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Judgment due in Brexit legal challenge in Northern Ireland

Three applicants argued that a no-deal Brexit would damage peace process agreements between the UK and Ireland.

Raymond McCord outside the Royal Courts of Justice in Belfast (Liam McBurney/PA)
Raymond McCord outside the Royal Courts of Justice in Belfast (Liam McBurney/PA)

By David Young

Judgment is due in a legal challenge that argued the Government’s Brexit strategy will damage the Northern Ireland peace process.

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Lord Justice Bernard McCloskey will deliver his ruling at Belfast High Court on Thursday morning on three joined cases against Prime Minister Boris Johnson’s handling of the UK’s European Union exit.

The trio of challenges contend that a no-deal Brexit on October 31 would undermine agreements involving the UK and Irish governments that were struck during the peace process and which underpin cross-border co-operation between the two nations.

The Government rejected that contention during two days of legal proceedings in the High Court.

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The applicants argue that a no-deal Brexit would damage cross border relations between the UK and Ireland (David Young/PA)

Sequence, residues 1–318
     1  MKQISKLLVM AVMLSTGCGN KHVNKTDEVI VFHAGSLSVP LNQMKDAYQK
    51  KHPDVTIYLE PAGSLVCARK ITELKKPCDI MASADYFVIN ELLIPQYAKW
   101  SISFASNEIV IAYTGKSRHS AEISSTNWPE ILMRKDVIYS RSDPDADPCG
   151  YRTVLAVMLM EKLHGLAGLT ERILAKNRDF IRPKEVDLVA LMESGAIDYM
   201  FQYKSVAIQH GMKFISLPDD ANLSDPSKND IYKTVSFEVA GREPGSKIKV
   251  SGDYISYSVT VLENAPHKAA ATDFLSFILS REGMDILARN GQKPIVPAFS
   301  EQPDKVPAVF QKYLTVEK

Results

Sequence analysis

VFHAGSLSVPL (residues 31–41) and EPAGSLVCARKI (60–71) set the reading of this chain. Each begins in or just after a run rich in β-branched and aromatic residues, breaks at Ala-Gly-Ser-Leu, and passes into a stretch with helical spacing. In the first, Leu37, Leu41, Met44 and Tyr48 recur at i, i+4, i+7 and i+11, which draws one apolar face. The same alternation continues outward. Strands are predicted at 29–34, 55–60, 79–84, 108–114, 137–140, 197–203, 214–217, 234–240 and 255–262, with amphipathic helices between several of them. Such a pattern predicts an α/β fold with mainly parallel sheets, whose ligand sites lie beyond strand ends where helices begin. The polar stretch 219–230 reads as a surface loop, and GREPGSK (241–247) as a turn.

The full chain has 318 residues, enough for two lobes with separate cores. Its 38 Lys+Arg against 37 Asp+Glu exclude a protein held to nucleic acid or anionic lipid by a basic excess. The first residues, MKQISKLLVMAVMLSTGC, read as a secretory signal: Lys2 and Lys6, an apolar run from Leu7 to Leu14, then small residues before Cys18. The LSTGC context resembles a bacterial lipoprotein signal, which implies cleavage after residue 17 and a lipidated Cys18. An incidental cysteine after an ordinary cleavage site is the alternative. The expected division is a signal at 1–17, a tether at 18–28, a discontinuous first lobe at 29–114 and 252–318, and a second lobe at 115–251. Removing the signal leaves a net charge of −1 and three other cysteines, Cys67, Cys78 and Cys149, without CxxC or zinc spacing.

One of the applicants is high-profile victims’ campaigner Raymond McCord, whose son was murdered by loyalist paramilitaries in 1997.

Unlike Brexit-related challenges against the Government heard in England and Scotland, the Northern Ireland cases would not be able to leapfrog straight to the Supreme Court following the High Court judgment.

If any of the parties to the case challenge the judgment, they would first have to be heard by the Court of Appeal in Belfast.

Judges have set aside time, and indicated a willingness to sit over the weekend, to fast-track the hearing of any appeal.

That could potentially pave the way for the Northern Ireland challenge to be heard in the Supreme Court alongside Scottish and English cases next Tuesday.

PA

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